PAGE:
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Bookends: A trio of tales unfolds more about Roland the Gunslinger and his world October 15, 2014

Posted by klondykewriter in Bookends.
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Bookends: A trio of tales unfolds more about Roland the Gunslinger and his world

By Dan DavidsonWind Through the Keyhole

January 15, 2014

– 928 words –


The Wind Through the Keyhole

(A Dark Tower Novel)

by Stephen King

Pocket Books

386 pages



You might think that King’s Dark Tower series, starring Roland the Gunslinger, had ended. After all the seventh and final volume came out in 2004, concluding a story line he’d been working on every few years since 1982 (the very earliest chapters going back to his university days). The last three volumes came out in a rush, the author spurred to finish the saga by almost losing his life when he was run off the road by a drunk driver during one of his evening walks.

Adding it all up, a story that runs for 3914 pages might be thought to be finished, but King warned us some time ago that these books were just the story in broad strokes and there might be details yet to be told.

The Wind Through the Keyhole contains some of the details. It’s an odd book for King in that it’s only 386 pages long. It’s odder still in that it’s a Russian doll of a novel, three narratives nested and, paradoxically, the biggest part of the book is the one on the inside. (Good grief – it’s a TARDIS.)

The outer story, or the first frame, if you like, takes up 46 pages, and would fit into the saga between book four (Wizard and Glass) and book five (Wolves of the Calla). Roland and his little band (or ka-tet) are travelling between major adventures when they are trapped in an abandoned stone building during a major storm called a starkblast. This freakish storm is another symptom of the way that Mid-World is winding down. With his mates unable to sleep, Roland tells them a tale from his younger days.

This story would have fit in right after the events related in book six (The Song of Susannah). Roland tells it in the first person, and the tone is different than the opening frame. It’s still a good tale, because gunslingers have to be able to do more than shoot and be tough to fulfill their role in the world. “The Skin Man” is divided into two sections and runs over 136 pages in total. Roland and a fellow junior gunslinger have been sent to a town called Debaria, not far from Serenity, where his mother retreated after the first stage of her affair with Marten Broadcloak, the affair that would eventually cause her death at Roland’s hands and hasten the collapse of Gilead.

There has been a series of brutal murders, each somewhat different than the last, each seemingly by a different sort of unnatural beast, a beast that seems to have some human characteristics in addition to its animal ways. Roland and Jamie, his partner, divine that they are dealing with a Skin-man, a deduction based partly on the tracks they find and partly on the evidence of young Bill, the only survivor of one of the attacks.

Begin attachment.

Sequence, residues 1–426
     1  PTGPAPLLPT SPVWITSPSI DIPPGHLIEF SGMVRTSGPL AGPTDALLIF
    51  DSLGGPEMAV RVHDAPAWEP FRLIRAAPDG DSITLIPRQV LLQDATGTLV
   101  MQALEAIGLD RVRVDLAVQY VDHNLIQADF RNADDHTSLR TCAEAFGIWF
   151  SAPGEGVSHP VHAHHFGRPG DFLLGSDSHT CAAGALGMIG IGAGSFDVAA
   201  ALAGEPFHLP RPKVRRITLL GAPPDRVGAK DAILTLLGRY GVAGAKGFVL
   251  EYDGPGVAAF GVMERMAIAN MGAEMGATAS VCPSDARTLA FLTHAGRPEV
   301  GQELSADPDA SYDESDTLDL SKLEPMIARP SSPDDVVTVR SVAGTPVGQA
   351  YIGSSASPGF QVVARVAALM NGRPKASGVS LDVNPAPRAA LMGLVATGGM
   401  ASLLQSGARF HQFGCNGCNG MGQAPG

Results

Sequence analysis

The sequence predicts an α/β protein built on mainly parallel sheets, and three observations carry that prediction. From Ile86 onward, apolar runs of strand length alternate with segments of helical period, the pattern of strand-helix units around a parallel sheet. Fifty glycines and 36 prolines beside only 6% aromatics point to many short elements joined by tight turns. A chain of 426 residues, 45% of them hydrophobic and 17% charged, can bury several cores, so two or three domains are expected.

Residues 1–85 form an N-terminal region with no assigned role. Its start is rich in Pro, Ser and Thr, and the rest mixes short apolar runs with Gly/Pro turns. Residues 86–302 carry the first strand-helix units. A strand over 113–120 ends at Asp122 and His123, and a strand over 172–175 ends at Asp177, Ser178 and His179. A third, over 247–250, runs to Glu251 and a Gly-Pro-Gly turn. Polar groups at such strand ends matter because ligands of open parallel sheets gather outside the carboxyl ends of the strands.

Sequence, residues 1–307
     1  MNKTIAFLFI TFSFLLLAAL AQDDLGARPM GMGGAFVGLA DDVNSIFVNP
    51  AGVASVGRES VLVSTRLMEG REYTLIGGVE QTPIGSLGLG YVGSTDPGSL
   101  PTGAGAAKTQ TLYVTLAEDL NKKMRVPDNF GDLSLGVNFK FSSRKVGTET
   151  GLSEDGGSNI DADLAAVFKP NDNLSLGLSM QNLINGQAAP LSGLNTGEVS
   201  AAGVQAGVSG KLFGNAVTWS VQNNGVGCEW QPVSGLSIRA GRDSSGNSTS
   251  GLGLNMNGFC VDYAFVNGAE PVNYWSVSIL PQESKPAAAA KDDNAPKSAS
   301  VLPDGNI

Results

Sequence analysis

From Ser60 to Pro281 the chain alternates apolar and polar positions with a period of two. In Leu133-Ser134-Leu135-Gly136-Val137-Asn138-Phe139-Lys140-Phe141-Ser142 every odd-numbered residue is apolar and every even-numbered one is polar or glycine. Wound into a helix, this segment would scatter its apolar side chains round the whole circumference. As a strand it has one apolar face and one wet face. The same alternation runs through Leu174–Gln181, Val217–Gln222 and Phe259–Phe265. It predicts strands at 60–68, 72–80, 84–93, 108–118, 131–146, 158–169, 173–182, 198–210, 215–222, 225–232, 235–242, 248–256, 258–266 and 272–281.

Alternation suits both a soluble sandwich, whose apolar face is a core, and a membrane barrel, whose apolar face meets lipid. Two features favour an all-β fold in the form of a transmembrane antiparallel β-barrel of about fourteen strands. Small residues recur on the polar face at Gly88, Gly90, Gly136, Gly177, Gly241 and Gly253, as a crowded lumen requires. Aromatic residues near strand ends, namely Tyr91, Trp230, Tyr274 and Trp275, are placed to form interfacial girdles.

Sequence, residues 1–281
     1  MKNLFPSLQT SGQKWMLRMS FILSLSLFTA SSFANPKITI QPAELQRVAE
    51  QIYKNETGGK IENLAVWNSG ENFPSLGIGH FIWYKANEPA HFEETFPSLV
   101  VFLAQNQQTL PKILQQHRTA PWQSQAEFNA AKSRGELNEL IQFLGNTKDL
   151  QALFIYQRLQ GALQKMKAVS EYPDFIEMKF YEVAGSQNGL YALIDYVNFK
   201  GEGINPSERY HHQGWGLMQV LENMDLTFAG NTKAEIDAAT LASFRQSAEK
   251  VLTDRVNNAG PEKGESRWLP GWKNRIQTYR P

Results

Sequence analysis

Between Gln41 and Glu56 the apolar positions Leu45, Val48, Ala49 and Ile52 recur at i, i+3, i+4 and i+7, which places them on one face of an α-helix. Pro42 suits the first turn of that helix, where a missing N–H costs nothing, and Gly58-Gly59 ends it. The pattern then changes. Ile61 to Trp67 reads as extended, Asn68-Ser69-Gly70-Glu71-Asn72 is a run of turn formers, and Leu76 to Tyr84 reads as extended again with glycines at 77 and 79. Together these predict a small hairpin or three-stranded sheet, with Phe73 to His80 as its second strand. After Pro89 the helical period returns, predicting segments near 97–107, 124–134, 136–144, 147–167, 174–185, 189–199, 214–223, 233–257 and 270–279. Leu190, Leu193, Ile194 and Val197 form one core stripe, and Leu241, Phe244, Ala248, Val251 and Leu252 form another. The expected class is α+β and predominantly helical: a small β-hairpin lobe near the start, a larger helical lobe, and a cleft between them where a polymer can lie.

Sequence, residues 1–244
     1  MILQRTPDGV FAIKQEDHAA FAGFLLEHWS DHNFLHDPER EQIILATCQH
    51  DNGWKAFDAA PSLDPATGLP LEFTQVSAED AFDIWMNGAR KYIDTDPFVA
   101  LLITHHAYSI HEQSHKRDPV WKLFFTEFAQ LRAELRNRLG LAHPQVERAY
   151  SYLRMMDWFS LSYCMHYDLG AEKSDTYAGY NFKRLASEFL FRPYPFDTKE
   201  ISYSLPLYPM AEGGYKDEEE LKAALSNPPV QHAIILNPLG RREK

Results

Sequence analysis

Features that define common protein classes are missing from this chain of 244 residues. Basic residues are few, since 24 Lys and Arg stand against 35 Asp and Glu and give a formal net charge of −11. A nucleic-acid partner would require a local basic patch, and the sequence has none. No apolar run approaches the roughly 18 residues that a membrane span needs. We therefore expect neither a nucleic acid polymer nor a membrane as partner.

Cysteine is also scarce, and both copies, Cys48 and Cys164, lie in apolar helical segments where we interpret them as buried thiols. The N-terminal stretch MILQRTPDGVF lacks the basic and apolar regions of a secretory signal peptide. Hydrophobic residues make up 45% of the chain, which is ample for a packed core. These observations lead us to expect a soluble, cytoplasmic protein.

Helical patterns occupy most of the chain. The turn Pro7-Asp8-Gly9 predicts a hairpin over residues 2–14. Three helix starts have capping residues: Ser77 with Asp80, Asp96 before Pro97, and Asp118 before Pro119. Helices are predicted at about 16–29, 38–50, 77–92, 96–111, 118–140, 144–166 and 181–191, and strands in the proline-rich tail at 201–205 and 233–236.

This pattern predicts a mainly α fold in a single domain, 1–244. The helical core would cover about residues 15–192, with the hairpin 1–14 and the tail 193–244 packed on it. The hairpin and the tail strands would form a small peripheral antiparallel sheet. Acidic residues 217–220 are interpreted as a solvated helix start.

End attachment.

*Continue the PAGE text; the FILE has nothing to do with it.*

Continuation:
They devise a plan to use Bill to smoke out the Skin-man. That night, while Jamie is away checking on some final clues, Roland guards the terrified Bill and to calm him, tells him the story of another young boy, Tim Ross, who was forced to rise above his capabilities and undertake a quest to save the sight of his mother after she was attacked and blinded by her second husband.

This is a legend of Mid-World, the coming of age story of a young man who would later become a heroic gunslinger, told in an omniscient storyteller’s voice. Stylistically, it would fit in right next to King’s earlier young adult fantasy, The Eyes of the Dragon and was, for me the best part of this book. At 200 pages, it was also the longest part, told with no interruptions.

It’s not at all certain why the Covenant Man, who is known locally as the rent collecting agent of the local lord, decides to interfere in Tim’s life, providing him with the clues that help him unmask his father’s killer, but at the same time causing the chaos that sets him on his quest for his mother’s salvation. Does he do these things simply because he can? As Marten and as Randall Flagg, he appears in many of the Dark Tower books, as well as in The Stand, Hearts in Atlantis and Eyes of the Dragon.

Tim’s quest sends him through treacherous lands seldom travelled by anyone, and sees him menaced by malevolent fairies, savage beasts and a starkblast like the one in the outer frame story. He overcomes all of these obstacles through wit and determination. It’s a fine fantasy in the classic style and could well be the tale that leads to more legends of Mid-World.

After this we come back to the conclusion of the horror/murder mystery of the Skin-Man and then out again to the conclusion of the struggle with the environment.

As you can see, this book has dealt with almost all the types of conflict that can occur in a story and has added some satisfactory details and flourishes to a bit of world creation that most of us thought was concluded. It is often said of Mid-World that it has “moved on” a phrase meant to describe its unraveling and decay. King was thought to have moved on from Mid-World, but it wouldn’t surprise me now to see more of it turn up in later books.







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